My presence was unexpected. I glance at my watch. It’s too early for him to be home.
He stares as if confronting a ghost.
“Aren’t you supposed to be in class?”
“I finished early.’
We stand frozen in position on concrete. Me, holding a textbook and purse. Him, a suitcase.
I ask, “Going somewhere?”
“I’ll be in touch.” The car door slams.
The Chevy shifts into reverse and backs up the driveway. Wheels catch at the steep part of the grade. His foot pushes hard onto the accelerator. The Impala leaps the rise.
I chase him, run to the top of the hill, watch as the tail lights fade, the car a blur in the distance. Once I realize that I can not stop him, that he isn’t turning back, I return to the house. Opening the door to his cupboard, I notice one suit remains. I take this as a sign of hope.
The scent of tobacco lingers. I ease the jacket from the hanger and bury my face into the sleeve. I let tears wet the wool.
This isn’t the story I share with Margaret. Instead I tell her I have just this morning, broken up with a guy. It isn’t exactly truth however it allows me to feel less defeated. I can’t speak of Roy. It would be too chancy.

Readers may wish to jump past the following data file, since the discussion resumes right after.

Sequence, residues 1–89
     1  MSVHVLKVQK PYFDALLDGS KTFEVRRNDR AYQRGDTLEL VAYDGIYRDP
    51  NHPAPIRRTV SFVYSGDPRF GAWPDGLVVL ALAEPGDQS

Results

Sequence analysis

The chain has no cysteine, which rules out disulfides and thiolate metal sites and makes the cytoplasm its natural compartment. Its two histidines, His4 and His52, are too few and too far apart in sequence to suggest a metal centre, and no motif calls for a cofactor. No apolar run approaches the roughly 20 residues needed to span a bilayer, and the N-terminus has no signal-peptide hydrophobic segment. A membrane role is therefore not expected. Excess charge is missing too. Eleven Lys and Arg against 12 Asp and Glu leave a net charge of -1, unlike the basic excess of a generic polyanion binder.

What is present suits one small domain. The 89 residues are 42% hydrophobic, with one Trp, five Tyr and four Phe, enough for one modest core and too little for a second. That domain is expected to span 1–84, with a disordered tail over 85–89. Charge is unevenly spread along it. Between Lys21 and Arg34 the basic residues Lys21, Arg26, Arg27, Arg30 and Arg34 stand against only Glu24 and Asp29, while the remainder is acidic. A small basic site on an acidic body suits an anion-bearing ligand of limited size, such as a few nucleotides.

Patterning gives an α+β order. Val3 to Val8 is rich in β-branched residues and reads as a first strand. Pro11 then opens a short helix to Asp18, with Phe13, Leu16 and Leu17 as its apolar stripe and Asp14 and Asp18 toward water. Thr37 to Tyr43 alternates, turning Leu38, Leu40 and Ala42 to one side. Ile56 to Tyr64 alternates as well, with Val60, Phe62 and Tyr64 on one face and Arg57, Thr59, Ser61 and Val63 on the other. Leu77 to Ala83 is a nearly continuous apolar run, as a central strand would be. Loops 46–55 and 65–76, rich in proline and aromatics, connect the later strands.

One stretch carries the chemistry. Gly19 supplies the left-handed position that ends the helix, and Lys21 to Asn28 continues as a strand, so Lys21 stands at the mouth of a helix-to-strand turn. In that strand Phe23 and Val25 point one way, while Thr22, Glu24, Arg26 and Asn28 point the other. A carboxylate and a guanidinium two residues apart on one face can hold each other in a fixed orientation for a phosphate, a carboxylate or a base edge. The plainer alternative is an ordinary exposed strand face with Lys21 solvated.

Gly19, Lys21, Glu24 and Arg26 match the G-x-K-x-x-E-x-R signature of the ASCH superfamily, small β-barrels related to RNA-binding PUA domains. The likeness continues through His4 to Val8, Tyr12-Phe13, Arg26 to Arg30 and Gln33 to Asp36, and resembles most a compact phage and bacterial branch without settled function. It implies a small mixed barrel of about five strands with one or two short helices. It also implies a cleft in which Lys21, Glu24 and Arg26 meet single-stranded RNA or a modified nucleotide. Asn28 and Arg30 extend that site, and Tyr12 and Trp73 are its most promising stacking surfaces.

Margaret wields the teapot. She allows me to wallow in grief. When one cup empties, she pours another. This is the code of women, the luxury of holding space for one another. Or as my mother might say of the sisters, “the polite pause before they bury the body.”
There is no doubt. Margaret is in charge of our discussion. She raises her pinky and turns to her sister. “Good riddance, I say.” Both women nod in agreement.
“Chin up, dearie,” sister says. “March on.”
A certain shabbiness rumbles deceit and rheumy eyes are evidence. Sister’s eyes mirror too many surrenders, too much disappointment. Margaret’s are resolute. Yet, both women offer up saucers of hope as they perch and trill like skylarks on a branch.
For a moment, I wonder. When did he become someone else? Was it before his trip or after? My eyes narrow as I scan the past for clues. What was it he had said as the potatoes were set upon the table?
He had said, “Feels like we only go backwards, baby.”
He has cheapened himself. I notice the golden horn dangling about his neck. His fitted shirt is made of fortrel. The collar splays open. He’d look good in a rainstorm.
A rustle carries me home to the present. Sister stands and places her hand upon my shoulder. Fingers press as she speaks.
“All good things end, child.”
I had thought we were the exception…
~ Excerpt From the Scene: Roy Splits